When exactly the jazz pianist Aaron Parks became a prodigy is unclear, although he fit the description by the time he enrolled, at age 14, in the University of Washington to study music.
Now 26, what Parks remembers more clearly is the day, about four years later, that it seemed his time was up, when someone much younger than he sat in front of him and played the piano.
James Farm: Matt Penman, Joshua Redman, Aaron Parks, Eric Harland
I remember hearing Eldar (Djangirov) when he was 12 years old," said Parks, who was then 16. He came to the Lionel Hampton festival (in Moscow, Idaho) where I was playing. Here was this kid who could hear a solo and play it right back to you, Oscar Peterson stuff with both hands ... I was never like that.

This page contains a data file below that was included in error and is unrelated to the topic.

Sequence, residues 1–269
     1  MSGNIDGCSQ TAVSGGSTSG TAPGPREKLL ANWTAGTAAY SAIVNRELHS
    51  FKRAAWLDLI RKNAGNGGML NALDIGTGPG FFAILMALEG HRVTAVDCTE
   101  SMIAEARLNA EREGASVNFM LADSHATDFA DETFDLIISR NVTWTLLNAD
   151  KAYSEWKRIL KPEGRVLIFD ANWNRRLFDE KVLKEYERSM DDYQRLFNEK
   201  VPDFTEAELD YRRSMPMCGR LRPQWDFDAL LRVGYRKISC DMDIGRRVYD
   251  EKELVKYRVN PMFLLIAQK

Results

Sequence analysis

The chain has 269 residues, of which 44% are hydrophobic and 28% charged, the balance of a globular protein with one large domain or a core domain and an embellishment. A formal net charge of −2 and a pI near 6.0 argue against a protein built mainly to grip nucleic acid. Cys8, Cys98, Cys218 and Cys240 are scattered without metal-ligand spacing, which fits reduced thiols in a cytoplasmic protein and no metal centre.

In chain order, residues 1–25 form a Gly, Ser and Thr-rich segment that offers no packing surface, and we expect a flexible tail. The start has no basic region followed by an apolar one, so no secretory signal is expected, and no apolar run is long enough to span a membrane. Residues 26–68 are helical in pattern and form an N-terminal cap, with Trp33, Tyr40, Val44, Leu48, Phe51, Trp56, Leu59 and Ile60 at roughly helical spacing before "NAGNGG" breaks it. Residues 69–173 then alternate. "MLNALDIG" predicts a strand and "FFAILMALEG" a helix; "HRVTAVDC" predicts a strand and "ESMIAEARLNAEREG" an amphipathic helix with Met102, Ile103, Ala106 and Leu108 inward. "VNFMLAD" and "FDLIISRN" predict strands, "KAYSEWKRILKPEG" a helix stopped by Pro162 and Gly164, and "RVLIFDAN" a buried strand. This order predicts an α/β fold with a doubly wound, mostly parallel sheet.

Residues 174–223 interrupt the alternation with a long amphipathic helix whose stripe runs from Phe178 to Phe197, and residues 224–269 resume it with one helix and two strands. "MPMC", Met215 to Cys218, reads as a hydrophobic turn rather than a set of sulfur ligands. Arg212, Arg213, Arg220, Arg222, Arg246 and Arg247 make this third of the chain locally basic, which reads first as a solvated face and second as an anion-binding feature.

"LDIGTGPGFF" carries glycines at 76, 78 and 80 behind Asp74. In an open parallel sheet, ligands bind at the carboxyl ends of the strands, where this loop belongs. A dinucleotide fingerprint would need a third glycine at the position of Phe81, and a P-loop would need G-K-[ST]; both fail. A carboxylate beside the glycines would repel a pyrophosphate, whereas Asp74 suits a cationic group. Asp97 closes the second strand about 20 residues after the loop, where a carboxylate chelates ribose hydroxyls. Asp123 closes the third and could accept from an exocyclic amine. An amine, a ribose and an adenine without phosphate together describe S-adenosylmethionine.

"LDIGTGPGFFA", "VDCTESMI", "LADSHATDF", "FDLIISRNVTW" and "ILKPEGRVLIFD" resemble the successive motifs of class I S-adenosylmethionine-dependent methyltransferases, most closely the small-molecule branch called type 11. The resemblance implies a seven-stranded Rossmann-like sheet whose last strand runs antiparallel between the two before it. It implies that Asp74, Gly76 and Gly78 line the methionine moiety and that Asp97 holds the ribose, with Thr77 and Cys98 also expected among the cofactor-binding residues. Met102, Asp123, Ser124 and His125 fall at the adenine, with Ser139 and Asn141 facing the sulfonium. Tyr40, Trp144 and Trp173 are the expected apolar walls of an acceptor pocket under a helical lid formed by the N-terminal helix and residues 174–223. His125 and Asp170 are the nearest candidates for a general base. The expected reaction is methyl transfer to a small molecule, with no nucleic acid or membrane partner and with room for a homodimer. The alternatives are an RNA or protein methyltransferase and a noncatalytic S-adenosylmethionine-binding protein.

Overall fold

The youth worship is such a funny thing, just in general, and in any type of music, but this type (jazz) in particular. I don't know why people even care how young they are. I just want to hear some music that's emotionally compelling."
Despite his early start and success in the business of jazz he joined Terence Blanchard's band at age 18, and two years ago recorded his own album, Invisible Cinema," with Blue Note Records Parks has remained grounded and secure in his creative priorities, perhaps because he has had accommodating teachers, or perhaps because he was more concerned with what he could learn as a sideman than leading his own groups.